26. A photoelectric conversion apparatus according claim 25, wherein said third semiconductor area is provided at an area including a bottom of a trench provided between at least said neighboring second semiconductor areas.
27. A photoelectric conversion apparatus according claim 26, wherein said electrode is provided at said trench.
28. A photoelectric conversion apparatus according to claim 20, wherein the first conductivity type is n-type.
29. A photoelectric conversion apparatus according to claim 20, wherein the second conductivity type is p-type.
30. A photoelectric conversion apparatus comprising:
a first semiconductor region of a first conductivity type;
a plurality of second semiconductor regions of a second conductivity type for accumulating carriers generated by photoexcitation within said first semiconductor region;
a third semiconductor region of the first conductivity type serving as a channel region provided between said second semiconductor regions, said third semiconductor region having an impurity concentration higher than that of said first semiconductor region and any other adjacent region having a first conductivity type;
a fourth semiconductor region of the first conductivity type provided in contact with said second semiconductor region; and
an electrode provided correspondingly to said third semiconductor region for controlling a potential of said third semiconductor region, wherein said first, second and fourth semiconductor regions constitute a photoelectric conversion cell.
31. An apparatus according to claim 30, wherein the depth of said third semiconductor region is the same as or greater than the depth of said second semiconductor region.
32. An apparatus according to claim 30, wherein an impurity concentration of said third semiconductor region is higher than that of said first semiconductor region, and is lower than that of said second semiconductor region.
33. An apparatus according to claim 30, wherein said third semiconductor region is formed at a region including a portion under a trench section between said second semiconductor regions.
34. An apparatus according to claim 33, wherein at the-trench section, an insulated gate transistor is formed.
35. An apparatus according to claim 30, wherein said first conductivity type is n-type.
36. An apparatus according to claim 30, wherein said second conductivity type is p-type.
Description

This application is a continuation of application Ser. No. 07/656,590, filed Feb. 19, 1991, now abandoned, which is a continuation application of Ser. No. 07/271,313 filed Nov. 15, 1988, abandoned.

BACKGROUND OF THE INVENTION

1. Field of the Invention

The present invention relates to photoelectric conversion apparatus of the type which stores carriers produced by optical excitation.

2. Related Background Art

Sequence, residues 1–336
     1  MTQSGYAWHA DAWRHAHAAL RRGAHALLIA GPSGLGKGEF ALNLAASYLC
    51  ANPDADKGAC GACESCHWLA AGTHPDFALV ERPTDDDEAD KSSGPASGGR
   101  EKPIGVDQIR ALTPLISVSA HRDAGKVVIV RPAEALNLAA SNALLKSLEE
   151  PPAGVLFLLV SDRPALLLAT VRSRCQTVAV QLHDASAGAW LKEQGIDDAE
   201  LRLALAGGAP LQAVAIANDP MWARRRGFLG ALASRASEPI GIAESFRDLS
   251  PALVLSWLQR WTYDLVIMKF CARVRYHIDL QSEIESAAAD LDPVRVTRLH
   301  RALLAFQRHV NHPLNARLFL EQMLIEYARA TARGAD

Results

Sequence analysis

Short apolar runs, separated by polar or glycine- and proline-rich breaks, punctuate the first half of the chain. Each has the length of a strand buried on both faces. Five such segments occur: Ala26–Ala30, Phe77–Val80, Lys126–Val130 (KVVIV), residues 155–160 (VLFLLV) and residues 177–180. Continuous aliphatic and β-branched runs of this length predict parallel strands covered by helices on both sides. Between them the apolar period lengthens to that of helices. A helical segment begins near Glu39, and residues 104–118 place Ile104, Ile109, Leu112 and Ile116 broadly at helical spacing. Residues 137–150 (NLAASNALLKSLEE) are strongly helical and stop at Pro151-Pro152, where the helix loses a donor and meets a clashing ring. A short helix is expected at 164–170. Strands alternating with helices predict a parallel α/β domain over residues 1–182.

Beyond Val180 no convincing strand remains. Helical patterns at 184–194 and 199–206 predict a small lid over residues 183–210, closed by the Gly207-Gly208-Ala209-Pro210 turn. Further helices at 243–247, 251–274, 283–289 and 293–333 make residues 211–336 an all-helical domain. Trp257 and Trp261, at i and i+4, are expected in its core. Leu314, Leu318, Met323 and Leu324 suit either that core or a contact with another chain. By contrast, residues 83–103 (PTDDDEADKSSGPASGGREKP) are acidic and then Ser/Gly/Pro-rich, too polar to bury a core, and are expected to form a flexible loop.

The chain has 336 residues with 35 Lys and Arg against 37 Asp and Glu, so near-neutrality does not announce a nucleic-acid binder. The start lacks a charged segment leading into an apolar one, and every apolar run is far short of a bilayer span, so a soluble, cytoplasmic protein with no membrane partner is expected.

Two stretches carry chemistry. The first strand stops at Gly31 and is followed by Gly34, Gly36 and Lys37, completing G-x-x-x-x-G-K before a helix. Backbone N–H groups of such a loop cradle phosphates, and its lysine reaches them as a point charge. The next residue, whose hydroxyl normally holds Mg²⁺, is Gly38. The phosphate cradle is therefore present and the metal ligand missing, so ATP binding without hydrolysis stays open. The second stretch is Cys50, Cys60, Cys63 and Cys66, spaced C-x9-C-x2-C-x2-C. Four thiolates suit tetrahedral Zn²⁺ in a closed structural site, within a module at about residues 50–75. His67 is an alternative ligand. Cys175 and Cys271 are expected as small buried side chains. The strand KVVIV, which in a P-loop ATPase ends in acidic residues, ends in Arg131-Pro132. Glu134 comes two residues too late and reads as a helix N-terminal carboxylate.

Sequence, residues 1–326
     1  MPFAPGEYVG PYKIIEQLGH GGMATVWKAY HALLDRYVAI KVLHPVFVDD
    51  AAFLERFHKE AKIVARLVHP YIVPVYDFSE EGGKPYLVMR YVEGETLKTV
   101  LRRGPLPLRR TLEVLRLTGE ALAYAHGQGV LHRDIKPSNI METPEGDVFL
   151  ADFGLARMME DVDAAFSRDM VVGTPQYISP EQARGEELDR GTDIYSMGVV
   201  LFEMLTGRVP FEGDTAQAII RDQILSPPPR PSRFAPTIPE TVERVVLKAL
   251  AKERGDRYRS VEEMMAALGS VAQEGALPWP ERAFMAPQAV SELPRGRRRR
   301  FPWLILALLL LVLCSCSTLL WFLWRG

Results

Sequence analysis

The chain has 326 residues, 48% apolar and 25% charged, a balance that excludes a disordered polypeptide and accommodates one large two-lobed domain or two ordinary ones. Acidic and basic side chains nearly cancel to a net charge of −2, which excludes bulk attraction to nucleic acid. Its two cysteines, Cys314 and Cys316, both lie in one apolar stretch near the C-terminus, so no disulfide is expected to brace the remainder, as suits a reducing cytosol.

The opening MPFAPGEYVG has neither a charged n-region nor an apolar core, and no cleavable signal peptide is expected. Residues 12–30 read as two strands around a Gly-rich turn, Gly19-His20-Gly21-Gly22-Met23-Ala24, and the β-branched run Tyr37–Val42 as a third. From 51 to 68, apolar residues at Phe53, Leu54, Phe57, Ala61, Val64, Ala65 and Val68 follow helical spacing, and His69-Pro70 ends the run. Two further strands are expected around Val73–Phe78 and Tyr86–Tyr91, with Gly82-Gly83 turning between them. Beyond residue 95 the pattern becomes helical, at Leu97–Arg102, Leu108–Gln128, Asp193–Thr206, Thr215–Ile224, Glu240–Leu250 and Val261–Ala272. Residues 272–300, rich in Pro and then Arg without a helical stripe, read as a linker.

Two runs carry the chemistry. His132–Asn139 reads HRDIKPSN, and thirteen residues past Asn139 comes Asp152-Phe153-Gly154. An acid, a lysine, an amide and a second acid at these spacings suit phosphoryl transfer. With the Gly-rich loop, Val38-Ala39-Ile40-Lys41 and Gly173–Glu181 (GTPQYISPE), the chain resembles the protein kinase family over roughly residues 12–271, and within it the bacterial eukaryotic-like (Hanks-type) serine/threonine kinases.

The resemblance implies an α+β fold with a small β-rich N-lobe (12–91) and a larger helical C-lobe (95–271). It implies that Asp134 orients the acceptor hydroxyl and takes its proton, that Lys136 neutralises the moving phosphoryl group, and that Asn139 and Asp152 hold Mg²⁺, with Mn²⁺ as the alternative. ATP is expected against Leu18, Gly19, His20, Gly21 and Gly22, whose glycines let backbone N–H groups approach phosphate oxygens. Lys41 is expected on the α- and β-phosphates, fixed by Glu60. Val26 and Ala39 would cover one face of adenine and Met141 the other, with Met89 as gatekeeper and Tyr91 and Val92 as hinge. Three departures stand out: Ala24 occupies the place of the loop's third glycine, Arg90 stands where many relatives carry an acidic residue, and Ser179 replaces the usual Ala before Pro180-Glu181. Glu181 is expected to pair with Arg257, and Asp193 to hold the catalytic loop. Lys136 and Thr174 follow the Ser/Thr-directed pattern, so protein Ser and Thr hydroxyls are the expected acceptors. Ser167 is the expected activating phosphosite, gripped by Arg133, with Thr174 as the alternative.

FIG. 1A is a schematic cross section view of an example of photoelectric conversion cell disclosed in U.S. Pat. No. 4,686,554 (EP 0132076). FIG. 1B is an equivalent circuit diagram of the photoelectric conversion cell.

In FIGS. 1A and 1B, a plurality of photoelectric conversion cells are formed and arranged on an n-silicon substrate 1 and separated electrically from adjacent cells by element separating areas 2 made of SiO2, Si3 N4 or polysilicon.

Each cell has the following structure. A p-area 4 is formed by doping p-type impurities into an n- -area 3 of low impurity density formed using epitaxial techniques or the like An N+ -area 5 is formed in the p-area 4 by impurity diffusion or ion implantation. The p-area 4 and n+ -area 5 are the base and emitter, respectively, of a bipolar transistor.

An oxide film 6 is formed as an insulating layer on the n- -area 3 on which those areas are formed and a capacitor electrode 7 with a predetermined area is formed on the oxide film 6. The capacitor electrode 7 opposes the p-base area 4 having the oxide film 6 therebetween and the potential of the floated p-base area 4 is controlled by a pulse voltage applied to the capacitor electrode 7.

Furthermore, an emitter electrode 8 connected to the n+ -emitter area 5, an n+ -area 11 of high impurity density provided on the back of the substrate 1, and a collector electrode 12 through which a potential is applied to the collector of the bipolar transistor are formed.

The basic operation of the cell as shown in FIGS. 1A and 1B will now be described. First, assume that the p-base area 4 of the bipolar transistor is at an initial negative potential. Light 13 enters the cell from the side of the p-base area 4, positive holes of electron-positive hole pairs generated by the incident light are stored in the p-base area 4, and increases the potential of the p-base area 4 in the positive direction (storage operation).